A 'secret' biosphere found under the world's driest desert A 'secret' biosphere found under the world's driest desert

A 'secret' biosphere found under the world's driest desert

A 'secret' biosphere found under the world's driest desert

Scientists have discovered microbial life found 4 meters (13 feet) below the surface of the Atacama Desert in northern Chile, the most “hostile” desert on Earth.

The Atacama Desert is known as the driest scorching desert in the world, where the sun beats violently and life seems impossible.

Scientists have found a resilient community of bacteria thriving in the extremely dry Yungai Valley. This microbial community is completely isolated from the surface world.

“To our knowledge, this represents the deepest survey and discovery of microbial life in Atacama soils to date,” the study authors stated.

Despite the harsh environment, microbial life thrives in the saline, sulfate-rich desert soil. These conditions provide a unique environment for some types of microorganisms to live.

The presence of microbial life has previously been documented at a depth of 80 cm (2.6 ft) in the Atacama Desert, where "the first 80 cm of soil is thought to be a potential refuge from harsh ultraviolet rays, a place where some water can be found." But the discovered biosphere Recently, it is "completely isolated from the surface."

To uncover this hidden biosphere, scientists, led by Dirk Wagner and his colleagues, used samples collected from soil deep beneath the surface of the Yungai Valley part of the desert, and extracted DNA recovered from the organisms.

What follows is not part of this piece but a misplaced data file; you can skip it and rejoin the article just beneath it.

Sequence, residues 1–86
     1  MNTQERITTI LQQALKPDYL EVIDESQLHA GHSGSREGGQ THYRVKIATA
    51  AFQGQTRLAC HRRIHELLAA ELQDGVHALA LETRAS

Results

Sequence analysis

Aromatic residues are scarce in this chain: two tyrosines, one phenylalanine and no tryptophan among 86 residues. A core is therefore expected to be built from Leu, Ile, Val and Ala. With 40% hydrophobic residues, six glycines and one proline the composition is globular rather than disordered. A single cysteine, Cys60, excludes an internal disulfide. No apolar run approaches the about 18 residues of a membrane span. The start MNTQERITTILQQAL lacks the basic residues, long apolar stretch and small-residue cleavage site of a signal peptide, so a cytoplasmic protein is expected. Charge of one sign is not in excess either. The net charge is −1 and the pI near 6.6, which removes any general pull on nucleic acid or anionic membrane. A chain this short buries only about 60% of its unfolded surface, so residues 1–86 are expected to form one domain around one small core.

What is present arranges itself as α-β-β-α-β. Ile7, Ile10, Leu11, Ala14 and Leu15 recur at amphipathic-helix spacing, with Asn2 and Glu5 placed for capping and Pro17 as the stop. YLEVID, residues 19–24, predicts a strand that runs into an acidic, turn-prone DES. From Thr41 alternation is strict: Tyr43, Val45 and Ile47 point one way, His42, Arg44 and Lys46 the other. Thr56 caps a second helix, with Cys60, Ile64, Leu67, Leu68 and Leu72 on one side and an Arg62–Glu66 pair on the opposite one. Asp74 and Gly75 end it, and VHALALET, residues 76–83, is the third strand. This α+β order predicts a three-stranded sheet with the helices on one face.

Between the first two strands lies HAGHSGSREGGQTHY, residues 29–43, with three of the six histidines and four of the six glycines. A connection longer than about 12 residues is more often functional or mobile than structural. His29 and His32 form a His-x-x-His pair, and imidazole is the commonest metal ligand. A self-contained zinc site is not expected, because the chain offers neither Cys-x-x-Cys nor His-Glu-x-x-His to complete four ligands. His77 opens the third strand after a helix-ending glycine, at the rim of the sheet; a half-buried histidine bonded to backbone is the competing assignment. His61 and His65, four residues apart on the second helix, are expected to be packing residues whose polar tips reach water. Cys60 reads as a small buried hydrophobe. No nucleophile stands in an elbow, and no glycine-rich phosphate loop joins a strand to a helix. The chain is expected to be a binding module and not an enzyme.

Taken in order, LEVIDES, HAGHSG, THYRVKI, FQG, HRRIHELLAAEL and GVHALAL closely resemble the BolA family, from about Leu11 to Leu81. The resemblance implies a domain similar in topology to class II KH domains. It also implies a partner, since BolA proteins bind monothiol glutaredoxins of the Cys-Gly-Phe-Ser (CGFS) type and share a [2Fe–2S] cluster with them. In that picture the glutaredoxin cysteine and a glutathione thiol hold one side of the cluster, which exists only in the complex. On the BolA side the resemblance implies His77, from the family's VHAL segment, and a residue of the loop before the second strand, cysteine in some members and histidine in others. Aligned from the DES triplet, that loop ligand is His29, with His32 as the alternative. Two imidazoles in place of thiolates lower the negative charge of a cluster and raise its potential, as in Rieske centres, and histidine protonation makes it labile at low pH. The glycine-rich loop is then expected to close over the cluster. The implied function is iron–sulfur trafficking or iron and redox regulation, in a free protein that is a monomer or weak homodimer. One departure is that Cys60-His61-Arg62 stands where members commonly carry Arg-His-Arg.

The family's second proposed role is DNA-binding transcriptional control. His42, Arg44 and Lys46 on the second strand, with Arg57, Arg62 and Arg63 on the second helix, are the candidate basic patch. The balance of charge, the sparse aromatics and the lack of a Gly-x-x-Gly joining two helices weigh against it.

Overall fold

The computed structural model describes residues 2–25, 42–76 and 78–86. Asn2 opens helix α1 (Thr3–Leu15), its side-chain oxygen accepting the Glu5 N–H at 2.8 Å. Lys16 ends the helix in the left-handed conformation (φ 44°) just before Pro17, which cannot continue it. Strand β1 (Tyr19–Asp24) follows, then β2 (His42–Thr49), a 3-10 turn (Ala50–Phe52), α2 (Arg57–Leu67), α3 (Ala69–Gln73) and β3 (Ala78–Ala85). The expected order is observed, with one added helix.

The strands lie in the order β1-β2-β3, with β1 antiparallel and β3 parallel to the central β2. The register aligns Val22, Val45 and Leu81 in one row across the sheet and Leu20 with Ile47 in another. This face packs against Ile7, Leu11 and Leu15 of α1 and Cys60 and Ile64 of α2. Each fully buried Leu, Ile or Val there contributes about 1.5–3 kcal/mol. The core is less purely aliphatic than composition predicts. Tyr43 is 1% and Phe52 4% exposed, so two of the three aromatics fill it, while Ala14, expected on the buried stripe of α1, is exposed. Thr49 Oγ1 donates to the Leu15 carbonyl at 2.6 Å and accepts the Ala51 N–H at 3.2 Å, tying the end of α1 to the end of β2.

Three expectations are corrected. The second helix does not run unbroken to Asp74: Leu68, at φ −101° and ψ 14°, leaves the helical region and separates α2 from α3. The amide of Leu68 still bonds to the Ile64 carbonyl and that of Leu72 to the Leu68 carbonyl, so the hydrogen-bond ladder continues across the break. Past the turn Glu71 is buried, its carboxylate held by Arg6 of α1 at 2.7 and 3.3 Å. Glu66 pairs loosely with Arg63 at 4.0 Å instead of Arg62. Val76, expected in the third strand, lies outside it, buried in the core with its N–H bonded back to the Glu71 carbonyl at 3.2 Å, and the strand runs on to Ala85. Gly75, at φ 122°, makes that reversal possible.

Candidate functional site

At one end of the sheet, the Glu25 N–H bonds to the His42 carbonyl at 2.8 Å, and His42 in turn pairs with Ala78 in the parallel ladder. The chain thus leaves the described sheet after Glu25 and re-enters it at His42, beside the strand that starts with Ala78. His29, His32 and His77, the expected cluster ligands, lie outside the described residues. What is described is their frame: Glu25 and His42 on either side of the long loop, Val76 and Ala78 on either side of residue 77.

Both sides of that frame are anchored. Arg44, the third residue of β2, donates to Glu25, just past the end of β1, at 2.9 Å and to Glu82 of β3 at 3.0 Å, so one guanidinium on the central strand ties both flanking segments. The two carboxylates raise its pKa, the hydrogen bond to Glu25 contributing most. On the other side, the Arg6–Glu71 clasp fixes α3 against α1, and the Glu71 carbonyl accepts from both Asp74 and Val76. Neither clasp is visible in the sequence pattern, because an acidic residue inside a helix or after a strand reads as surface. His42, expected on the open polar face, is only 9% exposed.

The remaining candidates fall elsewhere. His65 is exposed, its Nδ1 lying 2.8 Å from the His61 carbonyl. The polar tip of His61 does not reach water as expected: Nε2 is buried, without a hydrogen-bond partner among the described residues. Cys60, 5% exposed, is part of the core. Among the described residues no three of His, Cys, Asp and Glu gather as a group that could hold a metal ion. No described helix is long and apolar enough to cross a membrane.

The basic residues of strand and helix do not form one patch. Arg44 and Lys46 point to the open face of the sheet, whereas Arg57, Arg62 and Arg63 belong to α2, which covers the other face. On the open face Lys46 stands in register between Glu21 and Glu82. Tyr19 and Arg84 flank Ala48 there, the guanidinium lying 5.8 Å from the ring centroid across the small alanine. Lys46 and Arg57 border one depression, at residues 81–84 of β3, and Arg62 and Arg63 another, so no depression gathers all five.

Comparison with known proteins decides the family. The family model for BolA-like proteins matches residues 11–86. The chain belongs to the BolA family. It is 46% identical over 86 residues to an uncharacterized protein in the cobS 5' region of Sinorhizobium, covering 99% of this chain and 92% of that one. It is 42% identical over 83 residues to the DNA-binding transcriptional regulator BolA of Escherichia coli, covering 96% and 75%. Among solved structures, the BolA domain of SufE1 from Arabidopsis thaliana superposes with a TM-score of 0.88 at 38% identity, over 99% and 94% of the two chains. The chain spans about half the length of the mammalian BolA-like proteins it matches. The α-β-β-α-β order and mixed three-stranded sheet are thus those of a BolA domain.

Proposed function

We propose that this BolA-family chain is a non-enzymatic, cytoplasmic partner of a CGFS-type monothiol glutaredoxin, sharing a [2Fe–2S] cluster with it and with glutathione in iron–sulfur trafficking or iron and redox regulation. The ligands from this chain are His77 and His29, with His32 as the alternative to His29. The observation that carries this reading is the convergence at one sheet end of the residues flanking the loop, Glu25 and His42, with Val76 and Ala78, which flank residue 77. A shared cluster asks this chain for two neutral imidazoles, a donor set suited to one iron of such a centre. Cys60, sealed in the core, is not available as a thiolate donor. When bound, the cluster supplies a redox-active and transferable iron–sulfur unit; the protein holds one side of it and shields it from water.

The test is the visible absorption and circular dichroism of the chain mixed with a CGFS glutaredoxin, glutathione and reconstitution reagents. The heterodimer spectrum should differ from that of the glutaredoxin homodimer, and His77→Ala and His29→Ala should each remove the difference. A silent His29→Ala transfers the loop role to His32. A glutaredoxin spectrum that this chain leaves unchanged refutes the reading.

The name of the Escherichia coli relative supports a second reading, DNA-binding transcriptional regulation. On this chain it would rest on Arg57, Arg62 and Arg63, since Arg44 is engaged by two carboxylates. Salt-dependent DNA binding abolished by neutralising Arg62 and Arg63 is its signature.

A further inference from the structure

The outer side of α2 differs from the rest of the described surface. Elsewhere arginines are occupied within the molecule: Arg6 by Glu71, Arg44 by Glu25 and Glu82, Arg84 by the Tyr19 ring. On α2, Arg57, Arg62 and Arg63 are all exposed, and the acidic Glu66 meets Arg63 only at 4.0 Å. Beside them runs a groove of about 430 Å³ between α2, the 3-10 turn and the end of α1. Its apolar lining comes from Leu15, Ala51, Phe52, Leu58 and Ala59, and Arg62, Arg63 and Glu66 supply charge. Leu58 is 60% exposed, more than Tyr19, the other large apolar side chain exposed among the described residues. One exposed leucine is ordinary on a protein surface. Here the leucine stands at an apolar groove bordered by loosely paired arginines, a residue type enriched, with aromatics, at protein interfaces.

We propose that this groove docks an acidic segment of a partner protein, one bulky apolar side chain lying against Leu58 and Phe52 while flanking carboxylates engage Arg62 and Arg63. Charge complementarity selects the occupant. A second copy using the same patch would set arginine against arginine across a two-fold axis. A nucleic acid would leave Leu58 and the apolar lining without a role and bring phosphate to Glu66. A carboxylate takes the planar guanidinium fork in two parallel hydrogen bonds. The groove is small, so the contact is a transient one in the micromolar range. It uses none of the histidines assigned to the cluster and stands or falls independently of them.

They discovered that microbial life extends from 2 meters (6.6 feet) to at least 4 meters (13 feet) below the surface of the desert.

Types of microbes present

Firmicute phylum microbes were prevalent in the upper 80 cm of sand deposits. At less than 200 cm, a distinct microbial community was observed, dominated by Actinobacteria, a diverse group of bacteria found in other extreme environments, including the Arctic, boiling hot springs and salty seas.

While digging deeper, the team found bacteria from the phylum Firmicutes that are resilient to high concentrations of salt and do not need oxygen to survive.

During genetic analysis of microbial communities, some bacteria showed genetic similarities to two specific species: Geodermatophilus pulveris and Modestobacter caceresii. Both types of bacteria belong to the Actinobacteria family.

The scientists suggested that this community of Actinobacteria may have colonized the soil 19,000 years ago, “before it was buried by swamp sediments.” They hypothesized that this community could continue downward for an indefinite distance, representing a previously unknown deep biosphere beneath. Very dry desert soil.

Scientists hypothesize that this microbial colony could thrive at such extreme depths by obtaining water from the mineral gypsum. 

The Atacama Desert is often used as an example to study the extreme conditions of Mars, where the surface is completely devoid of life, but may hide evidence of microbial life underneath.

Scientists pointed out that the new study could enhance efforts to search for life on the Red Planet, as Mars also contains gypsum deposits, which could serve as a water source for extraterrestrial life.

The study was published in the journal PNAS Nexus.

20 Comments

  1. The discovery of microbial life 4 meters below the surface of Chile's Atacama Desert reveals the resilience of life in the most extreme environments. This finding expands our understanding of deep biospheres and has implications for astrobiology, suggesting that even on hostile planets like Mars, life might persist beneath the surface. The presence of Firmicutes and Actinobacteria at such depths challenges our assumptions about where life can exist and opens up new avenues for exploring life's adaptability in extreme conditions. This breakthrough is a remarkable step toward uncovering hidden life on Earth and beyond.





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